Basic Study
Copyright ©The Author(s) 2021. Published by Baishideng Publishing Group Inc. All rights reserved.
World J Hepatol. Feb 27, 2021; 13(2): 187-217
Published online Feb 27, 2021. doi: 10.4254/wjh.v13.i2.187
Adult human liver slice cultures: Modelling of liver fibrosis and evaluation of new anti-fibrotic drugs
Daria Kartasheva-Ebertz, Jesintha Gaston, Loriane Lair-Mehiri, Pierre-Philippe Massault, Olivier Scatton, Jean-Christophe Vaillant, Vladimir Alexei Morozov, Stanislas Pol, Sylvie Lagaye
Daria Kartasheva-Ebertz, Jesintha Gaston, Loriane Lair-Mehiri, Stanislas Pol, Sylvie Lagaye, Institut Pasteur, Immunobiologie des Cellules Dendritiques, INSERM U1223, Paris 75015, France
Daria Kartasheva-Ebertz, Jesintha Gaston, Loriane Lair-Mehiri, BioSPC, Université de Paris, Paris 75005, France
Pierre-Philippe Massault, Service de Chirurgie digestive, Hépato-biliaire et Endocrinienne, AP-HP, Groupe Hospitalier Cochin, Paris 75014, France
Olivier Scatton, Jean-Christophe Vaillant, Service de Chirurgie digestive et Hépato bilio pancréatique, AP-HP, Groupe Hospitalier La Pitié-Salpétrière, Medecine Sorbonne Université, Paris 75013, France
Vladimir Alexei Morozov, Center for HIV and Retrovirology, Department of Infectious Diseases, Robert Koch Institute, Berlin 13353, Germany
Stanislas Pol, Département d'Hépatologie, AP-HP, Groupe Hospitalier Cochin, Université de Paris, Paris 75014, France
Author contributions: Kartasheva-Ebertz D, Gaston J, Lair-Mehiri L, Morozov VA, Pol S, and Lagaye S were responsible for the overall study design; Massault PP, Scatton O, Vaillant JC, and Pol S selected and contributed patients’ samples; Kartasheva-Ebertz D, Gaston J, Lair-Mehiri L, and Lagaye S performed experiments; Kartasheva-Ebertz D, Morozov VA, Pol S, and Lagaye S analyzed and interpreted the data; Kartasheva-Ebertz D, Morozov VA, Pol S, and Lagaye S contributed to the writing of the manuscript, discussed and refined the manuscript.
Supported by the Institut National de la Santé et de la Recherche Médicale (INSERM, France) and by Institut Pasteur (Paris, France); Daria Kartasheva-Ebertz received a PhD Fellowship from Assistance Publique-Hôpitaux de Paris (AP-HP, France).
Institutional review board statement: An institutional review board statement is not required for manuscript submission in our Institution.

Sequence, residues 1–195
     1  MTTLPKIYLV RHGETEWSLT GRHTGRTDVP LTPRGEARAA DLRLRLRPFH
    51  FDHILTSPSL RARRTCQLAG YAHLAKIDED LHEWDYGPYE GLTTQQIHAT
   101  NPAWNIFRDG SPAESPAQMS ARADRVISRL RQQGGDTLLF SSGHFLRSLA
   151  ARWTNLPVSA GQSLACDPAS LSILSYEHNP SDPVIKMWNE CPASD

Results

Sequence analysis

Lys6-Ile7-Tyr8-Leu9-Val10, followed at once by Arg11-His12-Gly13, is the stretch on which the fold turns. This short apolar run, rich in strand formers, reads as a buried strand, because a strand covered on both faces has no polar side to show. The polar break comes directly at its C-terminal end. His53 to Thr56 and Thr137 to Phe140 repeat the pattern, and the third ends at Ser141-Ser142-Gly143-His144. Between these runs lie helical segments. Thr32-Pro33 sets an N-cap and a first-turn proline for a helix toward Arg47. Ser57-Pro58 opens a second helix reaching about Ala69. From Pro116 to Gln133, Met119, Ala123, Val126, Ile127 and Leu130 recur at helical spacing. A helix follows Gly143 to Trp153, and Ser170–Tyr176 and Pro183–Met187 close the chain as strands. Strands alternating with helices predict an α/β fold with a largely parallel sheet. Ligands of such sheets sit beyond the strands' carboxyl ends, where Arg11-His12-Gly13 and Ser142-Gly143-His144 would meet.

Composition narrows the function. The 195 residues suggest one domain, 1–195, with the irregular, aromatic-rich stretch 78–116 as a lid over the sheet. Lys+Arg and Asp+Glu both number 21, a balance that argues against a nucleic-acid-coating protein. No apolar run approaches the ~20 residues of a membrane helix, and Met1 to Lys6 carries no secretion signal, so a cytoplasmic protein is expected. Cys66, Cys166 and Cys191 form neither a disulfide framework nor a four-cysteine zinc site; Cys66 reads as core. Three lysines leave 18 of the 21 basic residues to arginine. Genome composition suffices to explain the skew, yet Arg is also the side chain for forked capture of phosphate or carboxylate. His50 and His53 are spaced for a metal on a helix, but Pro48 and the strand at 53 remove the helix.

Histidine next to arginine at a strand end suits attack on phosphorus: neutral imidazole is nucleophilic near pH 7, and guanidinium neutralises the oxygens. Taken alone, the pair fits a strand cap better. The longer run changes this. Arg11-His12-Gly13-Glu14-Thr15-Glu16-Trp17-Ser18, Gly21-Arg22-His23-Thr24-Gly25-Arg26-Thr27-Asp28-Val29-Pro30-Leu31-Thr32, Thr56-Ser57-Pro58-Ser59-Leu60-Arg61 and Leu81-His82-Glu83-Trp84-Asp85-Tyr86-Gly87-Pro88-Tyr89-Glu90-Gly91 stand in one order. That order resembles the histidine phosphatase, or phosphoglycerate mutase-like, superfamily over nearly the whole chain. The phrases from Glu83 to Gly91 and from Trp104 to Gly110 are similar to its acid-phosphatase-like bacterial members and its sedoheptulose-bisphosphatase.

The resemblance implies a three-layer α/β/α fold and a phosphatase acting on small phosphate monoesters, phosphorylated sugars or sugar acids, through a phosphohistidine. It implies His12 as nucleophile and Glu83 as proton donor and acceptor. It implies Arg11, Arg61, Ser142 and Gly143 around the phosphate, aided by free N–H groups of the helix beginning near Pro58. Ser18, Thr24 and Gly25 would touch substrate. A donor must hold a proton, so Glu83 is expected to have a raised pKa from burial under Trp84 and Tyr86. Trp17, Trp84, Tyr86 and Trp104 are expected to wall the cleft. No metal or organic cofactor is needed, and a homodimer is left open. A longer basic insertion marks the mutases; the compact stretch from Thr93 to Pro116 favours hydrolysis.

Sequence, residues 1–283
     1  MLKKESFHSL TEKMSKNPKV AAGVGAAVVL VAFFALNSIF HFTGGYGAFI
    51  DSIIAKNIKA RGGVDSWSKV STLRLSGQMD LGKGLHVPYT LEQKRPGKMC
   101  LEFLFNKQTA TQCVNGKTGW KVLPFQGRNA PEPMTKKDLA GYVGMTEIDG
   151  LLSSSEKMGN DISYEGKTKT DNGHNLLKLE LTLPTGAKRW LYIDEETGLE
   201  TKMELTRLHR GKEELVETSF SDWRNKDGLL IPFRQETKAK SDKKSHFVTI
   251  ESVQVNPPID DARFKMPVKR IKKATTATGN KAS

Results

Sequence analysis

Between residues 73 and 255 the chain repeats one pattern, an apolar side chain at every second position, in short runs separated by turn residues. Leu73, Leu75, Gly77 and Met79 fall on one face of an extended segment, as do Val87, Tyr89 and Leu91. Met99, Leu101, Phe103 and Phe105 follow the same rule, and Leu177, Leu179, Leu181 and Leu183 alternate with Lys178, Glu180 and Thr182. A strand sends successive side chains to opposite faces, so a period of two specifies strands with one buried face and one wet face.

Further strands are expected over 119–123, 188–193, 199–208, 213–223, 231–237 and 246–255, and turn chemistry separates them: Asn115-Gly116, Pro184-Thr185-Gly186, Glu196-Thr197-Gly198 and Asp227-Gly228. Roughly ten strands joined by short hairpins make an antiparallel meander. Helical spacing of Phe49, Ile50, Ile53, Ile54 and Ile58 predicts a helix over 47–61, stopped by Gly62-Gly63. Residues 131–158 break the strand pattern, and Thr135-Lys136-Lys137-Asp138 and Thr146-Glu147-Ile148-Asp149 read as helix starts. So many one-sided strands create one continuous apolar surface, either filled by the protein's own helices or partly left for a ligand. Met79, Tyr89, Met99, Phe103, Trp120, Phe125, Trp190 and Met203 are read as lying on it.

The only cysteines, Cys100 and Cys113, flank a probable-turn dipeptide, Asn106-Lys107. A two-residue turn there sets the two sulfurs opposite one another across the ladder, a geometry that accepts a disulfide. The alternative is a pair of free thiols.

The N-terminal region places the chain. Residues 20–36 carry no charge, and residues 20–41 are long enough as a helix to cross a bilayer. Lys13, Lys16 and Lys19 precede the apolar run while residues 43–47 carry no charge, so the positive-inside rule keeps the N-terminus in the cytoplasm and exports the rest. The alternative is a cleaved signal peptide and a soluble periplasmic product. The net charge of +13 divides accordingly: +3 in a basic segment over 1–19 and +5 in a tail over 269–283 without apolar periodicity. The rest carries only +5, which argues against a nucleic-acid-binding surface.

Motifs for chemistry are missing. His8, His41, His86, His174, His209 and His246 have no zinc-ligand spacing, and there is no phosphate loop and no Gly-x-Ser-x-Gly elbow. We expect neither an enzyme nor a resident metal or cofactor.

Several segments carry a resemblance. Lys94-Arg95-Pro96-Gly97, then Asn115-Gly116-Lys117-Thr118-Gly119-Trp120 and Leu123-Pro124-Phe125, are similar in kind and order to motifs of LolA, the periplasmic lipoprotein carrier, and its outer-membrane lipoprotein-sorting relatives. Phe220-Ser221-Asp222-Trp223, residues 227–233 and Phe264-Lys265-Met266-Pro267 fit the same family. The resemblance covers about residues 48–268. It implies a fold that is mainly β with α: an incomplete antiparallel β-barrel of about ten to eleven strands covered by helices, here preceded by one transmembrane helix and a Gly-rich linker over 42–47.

Conflict-of-interest statement: No conflict of interest to declare indicated in the manuscript.
Data sharing statement: No data sharing.
Open-Access: This article is an open-access article that was selected by an in-house editor and fully peer-reviewed by external reviewers. It is distributed in accordance with the Creative Commons Attribution NonCommercial (CC BY-NC 4.0) license, which permits others to distribute, remix, adapt, build upon this work non-commercially, and license their derivative works on different terms, provided the original work is properly cited and the use is non-commercial. See:
Corresponding author: Sylvie Lagaye, DSc, PhD, Senior Scientist, Institut Pasteur, Immunobiologie des Cellules Dendritiques, INSERM U1223, 25-28 rue du Dr Roux, Paris 75015, France.
Received: August 27, 2020
Peer-review started: August 26, 2020
First decision: October 21, 2020
Revised: November 4, 2020
Accepted: December 30, 2020
Article in press: December 30, 2020
Published online: February 27, 2021
Research background

Liver fibrosis is frequently associated with viral infection [Hepatitis C virus (HCV) and Hepatitis B virus] infection, chronic inflammation, and excessive alcohol consumption. Despite effective antiviral treatment, morbidity and hepatitis-related mortalities are still increasing. Moreover, the number of non-viral liver diseases such as nonalcoholic steatohepatitis and alcoholic liver disease is steadily growing.

Research motivation